"Tap Here" on credit machines at McDonalds

On one of my infrequent trips to McDonalds recently, I noticed at the top of the ATM/Credit Card swiper pin-pad thingy is a red…extension with the words “Tap Here” and a graphic of a credit card tapping the machine. So I tapped it.

Alarm siren’s went off and the manager vaulted over the counter and tackled me, pinning down my arms and legs until the breakfast menu switched over to lunch.

Actually, nothing happened. What’s this thing for?

Just a WAG but maybe it’s an RFID reader for some sort of RFID enabled payment method? It wouldn’t require you to tap, but to wave in front just close enough, however “tap here” is a lot easier than explaining what “close enough” means on a label.

Its a new sort of card scanner that doesn’t require “swiping”.

And this is supposed to work with standard, run of the mill credit cards?

No. You need a credit card with an RFID tag.

It’s a new type of card coming out called the “Blink” card. They are being test marketed in some areas.

ObCites…

http://msnbc.msn.com/id/7976809/

CS guy checking in:

I got one of these RFID credit cards a couple weeks ago. Unasked for.

I immediately called and asked for a regular card. It really confused the woman at the helpdesk. “But you can use it just like a regular card too.” and “It’s perfectly secure.”

I didn’t bother to tell her that 1 week after the invention of the RSA encryption scheme I was in the back seat of a car with R and A. I know a lot more about this stuff than she does. Secure my foot.

You do not want to carry this card around. The issue isn’t so much payment (which might be insecure) but what can be done with it while you’re just walking around.

I got “normal” credit cards last week. I then took apart the RFID cards and tried to find the tag (so I could tell if my new ones might secretly have them). No luck.

The use of RFID tags everywhere is going to be A Very Bad Thing.

Aaaah … like security badge at some large office buildings that open magnetic doors. Not a bad idea at all. The magnetic strips on the back of most debit/credit cards seem to degrade over time.

Go on. The dangers are not obvious to me (well, I think I know what you’re getting at, but it seems like a one-in-a-kajagoogoojillion kind of thing).

Is that what it takes to get them to give up their secrets?

Is this the same technology they use for the Speedpass? They are metal cylinders that go on your keychain that can be used at some gas stations. It is set up so I just wave my pass at the pump and my debit card is charged. Why is it bad, and should I not carry it around?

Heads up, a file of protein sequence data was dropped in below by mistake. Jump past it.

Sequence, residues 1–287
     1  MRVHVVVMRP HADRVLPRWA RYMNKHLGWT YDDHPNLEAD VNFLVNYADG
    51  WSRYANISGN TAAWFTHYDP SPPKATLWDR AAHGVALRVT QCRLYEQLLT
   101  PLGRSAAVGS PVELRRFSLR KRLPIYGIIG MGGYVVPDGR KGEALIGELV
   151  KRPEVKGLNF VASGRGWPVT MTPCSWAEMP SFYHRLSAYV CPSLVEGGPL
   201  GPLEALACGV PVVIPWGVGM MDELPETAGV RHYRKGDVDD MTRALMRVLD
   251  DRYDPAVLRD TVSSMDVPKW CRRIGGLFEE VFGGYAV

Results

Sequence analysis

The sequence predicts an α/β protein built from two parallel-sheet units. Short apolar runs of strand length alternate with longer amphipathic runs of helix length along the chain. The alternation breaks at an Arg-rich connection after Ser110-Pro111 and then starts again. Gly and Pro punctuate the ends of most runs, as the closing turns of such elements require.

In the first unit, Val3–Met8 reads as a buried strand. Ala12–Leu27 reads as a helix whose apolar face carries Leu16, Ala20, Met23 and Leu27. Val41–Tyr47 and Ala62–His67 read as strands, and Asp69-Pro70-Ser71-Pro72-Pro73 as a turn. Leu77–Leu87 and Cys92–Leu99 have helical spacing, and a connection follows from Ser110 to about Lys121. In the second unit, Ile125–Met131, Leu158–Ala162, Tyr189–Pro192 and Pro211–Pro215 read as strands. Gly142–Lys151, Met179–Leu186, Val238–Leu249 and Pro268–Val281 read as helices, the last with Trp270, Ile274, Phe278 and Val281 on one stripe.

I thought I had read somewhere that in stores that use them on their products, people could read them from outside the building. He’s saying there not safe becuase someone with an RFID reader could walk down the block and pick up ALOT of info. I’ll see if I can find the article.

The article I linked to above indicated that someone could build a reader, place it in a busy area and read everyone’s credit cards as they walk by.

There were also concerns about someone walking past a checkout and paying for someone else’s purchases, or of the card being picked up by several readers and a payment being registered from all of them.

Yes

Cite

Indeed. Let’s hear some more about RFID, ftg, since starting in Oct. 2006, all US Passports will have RFID.

I’m disinclined to believe this without amazingly solid evidence. Those chips don’t have much of a range, do they? I certainly can’t open the magnetic doors of my office with my badge from any kind of distance.

And as for the hypothetical thief with the RFID reader – how’s he getting PIN numbers? And how does he know that the info on the chips are straight-up CC numbers, expiration dates, and personal data? Can said thief safely assume that none of this data is encrypted?

Just how easy is it for a thief to actually get a RFID reader, pus some apparatus that can collect the data? Then how feasible is it for this guy to spend the day bumping into people in public? These chips certainly aren’t being read from further away than maybe a few inches, right?

I dunno … I can’t wrap my head around the easy fraud opportunities just yet. Criminals don’t usually work that hard for their loot.

Since no one seems to be following the links…

Well … just how easy is this? I thought these readers had a finite limit?

Good grief, now I’m gonna have to keep my wallet in an Altoids tin. A tinfoil hat for my credit cards!

I’ve had a credit card stolen, as has a friend of mine, and neither of us was ever charged a dime towards the unauthorized charges. In the absolute worst-case scenario (with a credit card, debit cards are another story), you can be liable for up to $50 of the unauthorized charges. Not worth it to me to spend any extra time on the phone with my credit card company trying to get RFID-free cards.

-Tofer